Sunday, October 23, 2011
Gnocchi is one of my favorite foods but it’s hit and miss in restaurants and even harder to successfully make at home. I’ve attempted to make potato gnocchi several times and it has never been stellar, which is always disappointing since it’s usually a several hour affair and ends with both me and the kitchen covered in flour.
This past summer I took gnocchi class at PCC from Ethan Stowell and he taught us how to make semolina, potato and ricotta gnocchi. I’m usually a potato gnocchi gal, but in this case the ricotta was not only the simplest to make but my favorite out of the three.
When we went home to Silverdale my dad made his version of ricotta gnocchi to go with our lamb (recipe coming soon!) dinner. It hit home! My parents gave me a gnocchi board for my birthday so I decided to give it a go as a side dish to go with my Beauties and the Feast October cooking assignment: Oktoberfest Beer Roasted Chicken. Both the chicken and gnocchi were a success!
Here's dad's uncooked gnocchi in Silverdale (he's a pro!):
And my first attempt... I obviously need to keep practicing!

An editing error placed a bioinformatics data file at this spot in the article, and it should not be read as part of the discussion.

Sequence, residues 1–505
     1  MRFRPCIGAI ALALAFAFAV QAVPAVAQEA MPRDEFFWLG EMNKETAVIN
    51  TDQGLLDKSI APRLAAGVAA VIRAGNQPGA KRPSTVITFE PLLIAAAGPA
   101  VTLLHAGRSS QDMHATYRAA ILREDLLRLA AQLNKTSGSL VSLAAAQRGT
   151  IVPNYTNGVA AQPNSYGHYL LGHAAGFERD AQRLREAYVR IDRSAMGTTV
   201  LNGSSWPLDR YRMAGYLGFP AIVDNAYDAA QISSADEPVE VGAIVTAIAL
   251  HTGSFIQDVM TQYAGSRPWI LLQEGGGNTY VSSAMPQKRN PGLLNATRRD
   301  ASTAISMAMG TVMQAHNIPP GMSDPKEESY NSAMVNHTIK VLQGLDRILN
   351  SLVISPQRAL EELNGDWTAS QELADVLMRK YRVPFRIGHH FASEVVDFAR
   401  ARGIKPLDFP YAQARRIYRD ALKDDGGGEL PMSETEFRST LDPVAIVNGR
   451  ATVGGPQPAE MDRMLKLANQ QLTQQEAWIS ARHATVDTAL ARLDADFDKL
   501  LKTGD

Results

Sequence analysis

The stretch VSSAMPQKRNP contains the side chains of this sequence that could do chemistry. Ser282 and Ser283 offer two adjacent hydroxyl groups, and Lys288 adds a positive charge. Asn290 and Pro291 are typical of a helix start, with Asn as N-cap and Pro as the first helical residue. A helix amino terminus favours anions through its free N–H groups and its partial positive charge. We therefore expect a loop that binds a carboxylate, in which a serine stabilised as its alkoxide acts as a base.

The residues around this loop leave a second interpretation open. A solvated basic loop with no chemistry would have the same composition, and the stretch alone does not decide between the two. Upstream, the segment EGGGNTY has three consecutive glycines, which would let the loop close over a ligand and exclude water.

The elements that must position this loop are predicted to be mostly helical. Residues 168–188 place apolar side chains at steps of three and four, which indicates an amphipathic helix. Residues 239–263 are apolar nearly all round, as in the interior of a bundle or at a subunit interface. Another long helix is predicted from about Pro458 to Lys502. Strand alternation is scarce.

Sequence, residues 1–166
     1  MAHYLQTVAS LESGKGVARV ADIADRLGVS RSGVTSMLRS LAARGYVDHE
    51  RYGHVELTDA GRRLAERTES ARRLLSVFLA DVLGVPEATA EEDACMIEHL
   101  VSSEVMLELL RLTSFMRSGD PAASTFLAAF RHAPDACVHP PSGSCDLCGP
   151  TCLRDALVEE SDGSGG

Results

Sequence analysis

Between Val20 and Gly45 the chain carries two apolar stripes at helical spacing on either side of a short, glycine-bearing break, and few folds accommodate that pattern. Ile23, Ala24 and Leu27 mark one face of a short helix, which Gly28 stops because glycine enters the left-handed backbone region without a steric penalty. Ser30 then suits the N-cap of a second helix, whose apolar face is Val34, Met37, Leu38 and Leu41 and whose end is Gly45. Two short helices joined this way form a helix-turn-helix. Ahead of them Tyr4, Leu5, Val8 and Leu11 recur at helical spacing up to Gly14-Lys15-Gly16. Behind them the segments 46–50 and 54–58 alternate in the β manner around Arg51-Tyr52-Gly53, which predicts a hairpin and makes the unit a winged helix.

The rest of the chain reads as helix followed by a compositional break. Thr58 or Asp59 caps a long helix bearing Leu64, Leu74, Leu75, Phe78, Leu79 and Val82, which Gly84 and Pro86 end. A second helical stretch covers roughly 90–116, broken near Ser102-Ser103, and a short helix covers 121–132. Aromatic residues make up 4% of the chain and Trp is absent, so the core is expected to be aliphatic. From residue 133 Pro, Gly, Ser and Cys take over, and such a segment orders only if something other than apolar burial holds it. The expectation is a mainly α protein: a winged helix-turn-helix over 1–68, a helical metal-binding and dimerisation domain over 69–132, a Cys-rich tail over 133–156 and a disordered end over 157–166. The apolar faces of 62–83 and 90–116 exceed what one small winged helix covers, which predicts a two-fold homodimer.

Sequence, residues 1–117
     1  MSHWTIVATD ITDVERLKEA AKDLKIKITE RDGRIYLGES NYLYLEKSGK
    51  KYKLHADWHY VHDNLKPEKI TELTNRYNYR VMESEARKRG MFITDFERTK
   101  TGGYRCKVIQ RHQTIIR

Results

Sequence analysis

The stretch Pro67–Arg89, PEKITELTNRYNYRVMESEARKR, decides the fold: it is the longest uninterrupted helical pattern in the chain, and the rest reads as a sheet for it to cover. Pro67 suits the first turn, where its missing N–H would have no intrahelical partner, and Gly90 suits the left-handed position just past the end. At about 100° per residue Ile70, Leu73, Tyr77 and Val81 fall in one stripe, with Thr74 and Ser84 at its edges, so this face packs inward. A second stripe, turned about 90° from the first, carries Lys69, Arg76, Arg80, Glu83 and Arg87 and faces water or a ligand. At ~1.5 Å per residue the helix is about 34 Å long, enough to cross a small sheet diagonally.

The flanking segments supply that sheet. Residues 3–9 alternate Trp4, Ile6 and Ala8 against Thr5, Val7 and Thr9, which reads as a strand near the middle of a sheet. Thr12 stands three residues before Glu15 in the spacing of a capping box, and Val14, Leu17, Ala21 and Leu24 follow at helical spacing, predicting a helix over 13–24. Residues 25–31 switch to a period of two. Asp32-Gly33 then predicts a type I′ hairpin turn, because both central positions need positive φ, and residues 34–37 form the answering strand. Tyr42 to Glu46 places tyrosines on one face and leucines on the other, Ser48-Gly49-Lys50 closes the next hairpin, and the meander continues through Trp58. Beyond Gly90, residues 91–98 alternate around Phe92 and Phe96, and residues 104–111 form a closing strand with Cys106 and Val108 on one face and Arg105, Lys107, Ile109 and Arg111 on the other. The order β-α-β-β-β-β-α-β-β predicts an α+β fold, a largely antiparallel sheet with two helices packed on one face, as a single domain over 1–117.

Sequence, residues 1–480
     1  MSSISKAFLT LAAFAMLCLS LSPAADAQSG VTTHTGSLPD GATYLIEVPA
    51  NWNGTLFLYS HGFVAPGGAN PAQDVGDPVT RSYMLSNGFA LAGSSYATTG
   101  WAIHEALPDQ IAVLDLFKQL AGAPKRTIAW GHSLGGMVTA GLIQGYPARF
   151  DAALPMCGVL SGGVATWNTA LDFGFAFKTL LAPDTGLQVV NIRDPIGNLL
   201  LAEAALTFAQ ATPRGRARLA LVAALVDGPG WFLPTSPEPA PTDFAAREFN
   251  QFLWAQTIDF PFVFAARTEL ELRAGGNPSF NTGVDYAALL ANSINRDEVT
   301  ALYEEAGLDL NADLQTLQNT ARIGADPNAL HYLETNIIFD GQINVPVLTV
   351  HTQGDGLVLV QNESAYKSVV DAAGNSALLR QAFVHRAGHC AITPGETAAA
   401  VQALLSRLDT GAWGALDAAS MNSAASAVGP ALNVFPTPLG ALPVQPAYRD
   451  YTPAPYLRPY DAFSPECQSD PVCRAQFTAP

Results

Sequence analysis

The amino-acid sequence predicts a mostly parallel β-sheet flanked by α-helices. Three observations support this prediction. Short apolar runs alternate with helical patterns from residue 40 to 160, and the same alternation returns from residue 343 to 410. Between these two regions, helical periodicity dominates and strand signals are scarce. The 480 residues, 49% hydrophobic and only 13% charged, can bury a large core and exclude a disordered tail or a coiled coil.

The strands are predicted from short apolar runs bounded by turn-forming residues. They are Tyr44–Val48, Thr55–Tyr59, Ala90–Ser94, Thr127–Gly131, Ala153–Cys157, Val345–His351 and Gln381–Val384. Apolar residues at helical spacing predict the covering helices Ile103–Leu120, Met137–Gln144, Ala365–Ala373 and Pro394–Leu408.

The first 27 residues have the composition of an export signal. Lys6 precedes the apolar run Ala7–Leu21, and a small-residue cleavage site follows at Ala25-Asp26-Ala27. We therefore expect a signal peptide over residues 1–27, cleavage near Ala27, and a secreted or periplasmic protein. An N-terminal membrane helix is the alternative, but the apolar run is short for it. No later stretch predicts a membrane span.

Tyler Florence / Food & Wine Magazine
1 ½ cups ricotta, 13 ounces (the original recipe calls for sheep’s-milk ricotta)
2 large egg yolks
1 ½ tsp. kosher salt
¾ cup plus 2 tablespoons all-purpose flour, plus more for sprinkling
4 tablespoons unsalted butter
1. In a large bowl, combine the ricotta with the egg yolks and salt until blended. Add the 3/4 cup plus 2 tablespoons of flour and stir until a very soft, sticky dough forms. Turn the dough out onto a work surface and sprinkle with flour. Wrap the dough in plastic and let rest for 30 minutes.
2. On a lightly floured work surface, roll the dough into 2 ropes that are each about 1 inch in diameter. Using a floured knife, cut the ropes into 1/2-inch slices. If you have a gnocchi board give them a roll to create ridges. Transfer the gnocchi to a baking sheet lined with wax paper and sprinkle with flour.
3. Bring a large pot of salted water to a boil. Add the gnocchi and cook until they rise to the surface, and then simmer the gnocchi until firm, about 2 minutes. Using a slotted spoon, transfer the gnocchi to a bowl of ice water to cool them quickly and stop the cooking. Drain and gently pat dry.
4. In a large nonstick skillet, melt the butter. Add the gnocchi and cook over high heat, turning once, until golden brown, about 4 minutes. Serve right away. (We browned the butter with sage.)
Really, what's not to love about dumplings smothered in browned butter and Parmigiano Reggiano!?
And it's so much fun to cook in a kitchen with this view!